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Re: Pumping foil section/airfoil?

Postby Wbrussow » Tue Nov 10, 2020 7:31 am

I am new to foiling, and I have been teaching myself to do it by dock starting. I know, probably the hardest way to learn, but I enjoy the challenge. I have been thinking about the ideal pumping foil recently as well.

Can anybody weigh-in on the effect of the size of the rear stabilizer and fuselage length on pumping? The reason I ask is because the I think about it, if the whole foil setup pivots about somewhere at the base of the mast, close to the front wing, the rear wings vertical direction movement components will be exaggerated during the pumping cycles. this can induce large angle of attack in the rear wing, especially at lower speeds, leading to excess drag.

I know there have been some talk on monorails on this forum, and to my knowledge it has been people slowly reducing the length and size of the fuselage and rear wings, until they are left with a front wing only. I am super impressed that they are able to ride those wings, considering that those wings probably have negative coefficients of moment at typical angles of attack. How about using airfoils with reflex, and no sweep ("Planks" in the aircraft world). They would have the advantage of being much simpler and cheaper to make, as there is not rear wing and fuselage to fabricate, and potentially have the advantage of not swinging a rear wing, on a moment arm, through drastic angles of attack.

fluidity
Frequent Poster
Posts: 394
Joined: Sat Mar 19, 2016 11:20 pm
Kiting since: 2015
Local Beach: Ngati Toa, Plimmerton, Titahi Bay, Waikanae, Petone, Seatoun, Lyall Bay, Eastbourne, Lake Wairarapa
Favorite Beaches: Plimmerton
Style: Wave, jump
Gear: Late model Switch kites element and nitros,
DIY CAD ultra-concave wave twintips 1500 and 130mm with my own fin designs. Easy upwind, awesome carving. Switch Nitro 10m V7, Naish 5.3m Wing. Now focussing on Wingsurfing to rise to a new challenge. Building my own foils from my CAD design and 3D prints, built a CNC machine last year and now cutting designs with CNC as well as 3D printing.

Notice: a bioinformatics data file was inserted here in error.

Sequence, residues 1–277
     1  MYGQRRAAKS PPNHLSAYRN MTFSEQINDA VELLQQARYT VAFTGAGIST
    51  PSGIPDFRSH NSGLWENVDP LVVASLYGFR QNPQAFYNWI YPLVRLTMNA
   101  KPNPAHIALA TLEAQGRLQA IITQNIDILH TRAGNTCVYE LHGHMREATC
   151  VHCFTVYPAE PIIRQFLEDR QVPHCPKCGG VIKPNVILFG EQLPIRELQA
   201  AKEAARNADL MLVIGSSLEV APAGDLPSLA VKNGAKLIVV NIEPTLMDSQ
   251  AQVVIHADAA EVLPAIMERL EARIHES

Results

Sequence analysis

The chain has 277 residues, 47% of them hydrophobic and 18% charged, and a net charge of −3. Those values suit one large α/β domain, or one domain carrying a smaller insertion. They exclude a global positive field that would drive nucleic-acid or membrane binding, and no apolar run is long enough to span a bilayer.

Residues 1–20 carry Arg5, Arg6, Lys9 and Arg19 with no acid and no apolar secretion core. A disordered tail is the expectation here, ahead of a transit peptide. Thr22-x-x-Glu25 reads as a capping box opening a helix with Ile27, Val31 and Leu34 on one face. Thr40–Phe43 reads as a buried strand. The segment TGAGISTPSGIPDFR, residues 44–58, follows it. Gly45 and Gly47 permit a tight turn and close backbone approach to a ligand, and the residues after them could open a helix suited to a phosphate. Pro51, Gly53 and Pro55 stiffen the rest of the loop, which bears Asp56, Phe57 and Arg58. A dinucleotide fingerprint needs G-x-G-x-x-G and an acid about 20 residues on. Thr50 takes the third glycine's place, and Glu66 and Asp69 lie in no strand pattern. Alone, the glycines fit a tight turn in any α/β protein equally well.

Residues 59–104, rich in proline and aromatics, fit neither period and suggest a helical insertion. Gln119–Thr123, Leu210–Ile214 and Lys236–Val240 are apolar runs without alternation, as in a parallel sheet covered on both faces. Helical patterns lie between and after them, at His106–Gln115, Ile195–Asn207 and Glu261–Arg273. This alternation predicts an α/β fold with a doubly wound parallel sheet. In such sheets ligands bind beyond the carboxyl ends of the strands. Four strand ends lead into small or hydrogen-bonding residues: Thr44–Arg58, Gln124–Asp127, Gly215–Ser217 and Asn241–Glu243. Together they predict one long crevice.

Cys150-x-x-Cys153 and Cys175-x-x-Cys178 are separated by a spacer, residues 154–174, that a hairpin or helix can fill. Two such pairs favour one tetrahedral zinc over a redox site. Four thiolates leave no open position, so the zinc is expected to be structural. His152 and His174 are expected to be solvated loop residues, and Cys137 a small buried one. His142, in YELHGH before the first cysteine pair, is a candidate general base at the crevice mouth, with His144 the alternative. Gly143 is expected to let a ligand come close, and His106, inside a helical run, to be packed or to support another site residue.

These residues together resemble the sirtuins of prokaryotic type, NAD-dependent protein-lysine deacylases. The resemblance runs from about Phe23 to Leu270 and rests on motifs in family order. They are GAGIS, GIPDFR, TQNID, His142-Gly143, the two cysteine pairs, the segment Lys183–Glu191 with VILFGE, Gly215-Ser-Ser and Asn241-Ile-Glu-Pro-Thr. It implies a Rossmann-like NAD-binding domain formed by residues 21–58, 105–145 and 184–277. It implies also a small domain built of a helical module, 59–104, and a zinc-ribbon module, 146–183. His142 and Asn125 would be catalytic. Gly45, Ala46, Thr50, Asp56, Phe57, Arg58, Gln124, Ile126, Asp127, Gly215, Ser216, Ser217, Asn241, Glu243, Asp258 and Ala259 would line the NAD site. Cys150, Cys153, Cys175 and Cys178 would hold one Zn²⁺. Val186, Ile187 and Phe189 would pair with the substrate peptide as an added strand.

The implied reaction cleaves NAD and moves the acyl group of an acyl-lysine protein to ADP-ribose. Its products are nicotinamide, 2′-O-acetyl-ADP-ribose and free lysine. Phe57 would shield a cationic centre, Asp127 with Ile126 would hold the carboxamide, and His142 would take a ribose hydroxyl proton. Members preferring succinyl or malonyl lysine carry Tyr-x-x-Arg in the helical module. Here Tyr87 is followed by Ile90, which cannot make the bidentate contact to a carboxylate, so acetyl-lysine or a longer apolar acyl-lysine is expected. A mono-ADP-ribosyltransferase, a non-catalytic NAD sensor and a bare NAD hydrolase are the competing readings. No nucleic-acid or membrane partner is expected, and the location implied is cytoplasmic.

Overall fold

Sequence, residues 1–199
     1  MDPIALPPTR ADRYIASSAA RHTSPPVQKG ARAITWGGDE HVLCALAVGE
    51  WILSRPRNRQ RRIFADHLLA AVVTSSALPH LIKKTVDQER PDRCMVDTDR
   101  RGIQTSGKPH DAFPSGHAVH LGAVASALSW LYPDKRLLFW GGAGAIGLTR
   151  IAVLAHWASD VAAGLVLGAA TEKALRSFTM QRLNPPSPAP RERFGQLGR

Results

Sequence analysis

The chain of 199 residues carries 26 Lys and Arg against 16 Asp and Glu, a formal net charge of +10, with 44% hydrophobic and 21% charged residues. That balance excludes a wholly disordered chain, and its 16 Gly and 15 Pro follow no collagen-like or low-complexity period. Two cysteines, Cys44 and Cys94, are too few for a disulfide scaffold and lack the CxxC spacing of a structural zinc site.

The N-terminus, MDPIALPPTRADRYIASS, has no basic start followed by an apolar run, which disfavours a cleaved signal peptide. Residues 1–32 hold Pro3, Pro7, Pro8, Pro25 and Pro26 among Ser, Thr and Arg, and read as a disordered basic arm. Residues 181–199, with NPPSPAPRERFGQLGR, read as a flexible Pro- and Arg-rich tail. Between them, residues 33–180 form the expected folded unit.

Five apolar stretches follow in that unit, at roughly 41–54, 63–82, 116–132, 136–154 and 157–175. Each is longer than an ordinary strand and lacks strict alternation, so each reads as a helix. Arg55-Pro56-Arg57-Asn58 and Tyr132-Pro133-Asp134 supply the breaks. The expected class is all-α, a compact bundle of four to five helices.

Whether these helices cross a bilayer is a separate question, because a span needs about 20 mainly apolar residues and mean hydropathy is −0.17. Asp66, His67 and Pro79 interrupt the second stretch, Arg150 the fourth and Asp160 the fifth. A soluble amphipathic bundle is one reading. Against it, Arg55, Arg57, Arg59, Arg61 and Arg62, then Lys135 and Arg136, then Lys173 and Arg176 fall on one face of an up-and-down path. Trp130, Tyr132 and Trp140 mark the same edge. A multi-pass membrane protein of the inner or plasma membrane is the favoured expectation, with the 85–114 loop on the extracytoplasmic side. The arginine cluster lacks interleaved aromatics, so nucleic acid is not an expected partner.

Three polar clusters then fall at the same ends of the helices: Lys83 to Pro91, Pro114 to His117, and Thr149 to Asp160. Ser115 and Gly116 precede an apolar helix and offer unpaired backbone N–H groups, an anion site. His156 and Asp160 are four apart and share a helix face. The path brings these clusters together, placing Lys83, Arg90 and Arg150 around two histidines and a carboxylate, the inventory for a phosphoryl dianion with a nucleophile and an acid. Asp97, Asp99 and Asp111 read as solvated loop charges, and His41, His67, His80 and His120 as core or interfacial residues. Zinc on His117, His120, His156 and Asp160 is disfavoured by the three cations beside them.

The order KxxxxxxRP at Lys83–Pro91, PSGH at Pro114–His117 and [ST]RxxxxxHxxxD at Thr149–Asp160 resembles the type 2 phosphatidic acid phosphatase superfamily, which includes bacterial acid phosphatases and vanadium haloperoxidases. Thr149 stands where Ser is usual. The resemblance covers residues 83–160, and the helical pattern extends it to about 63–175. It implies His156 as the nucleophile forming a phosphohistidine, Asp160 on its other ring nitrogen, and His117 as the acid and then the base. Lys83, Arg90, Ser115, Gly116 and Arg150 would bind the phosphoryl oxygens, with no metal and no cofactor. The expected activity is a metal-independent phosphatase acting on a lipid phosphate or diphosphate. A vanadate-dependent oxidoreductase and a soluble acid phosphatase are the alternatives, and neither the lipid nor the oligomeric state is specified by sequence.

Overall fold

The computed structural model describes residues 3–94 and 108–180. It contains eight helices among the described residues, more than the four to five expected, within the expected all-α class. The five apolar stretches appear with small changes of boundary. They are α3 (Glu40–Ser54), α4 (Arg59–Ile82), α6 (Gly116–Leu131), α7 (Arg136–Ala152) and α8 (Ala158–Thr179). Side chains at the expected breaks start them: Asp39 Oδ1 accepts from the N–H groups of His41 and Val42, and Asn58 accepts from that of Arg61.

Up to 3 DIY foil designs built and getting the hang of wingsurf foiling as we switch into 2021.
Location: Porirua New Zealand
Has thanked: 30 times
Been thanked: 41 times

Re: Pumping foil section/airfoil?

Postby fluidity » Wed Nov 11, 2020 6:01 am

Wbrussow wrote:
Tue Nov 10, 2020 7:31 am
I am new to foiling, and I have been teaching myself to do it by dock starting. I know, probably the hardest way to learn, but I enjoy the challenge. I have been thinking about the ideal pumping foil recently as well.

Can anybody weigh-in on the effect of the size of the rear stabilizer and fuselage length on pumping? The reason I ask is because the I think about it, if the whole foil setup pivots about somewhere at the base of the mast, close to the front wing, the rear wings vertical direction movement components will be exaggerated during the pumping cycles. this can induce large angle of attack in the rear wing, especially at lower speeds, leading to excess drag.

I know there have been some talk on monorails on this forum, and to my knowledge it has been people slowly reducing the length and size of the fuselage and rear wings, until they are left with a front wing only. I am super impressed that they are able to ride those wings, considering that those wings probably have negative coefficients of moment at typical angles of attack. How about using airfoils with reflex, and no sweep ("Planks" in the aircraft world). They would have the advantage of being much simpler and cheaper to make, as there is not rear wing and fuselage to fabricate, and potentially have the advantage of not swinging a rear wing, on a moment arm, through drastic angles of attack.
I think as you push the stabiliser down the front lifting wing imediately generates more lift so the stabiliser drag is not as much as you are expecting because board, rider, mast, fuselage, stabiliser and front wing all rise together. Likely there is some turbulence around the stabiliser as it's pushed down but as it's not the primary lift component I don't think it matters much other than that it's wasted energy from the rider. (Unless you use a bendy fuselage rear like the one I designed.)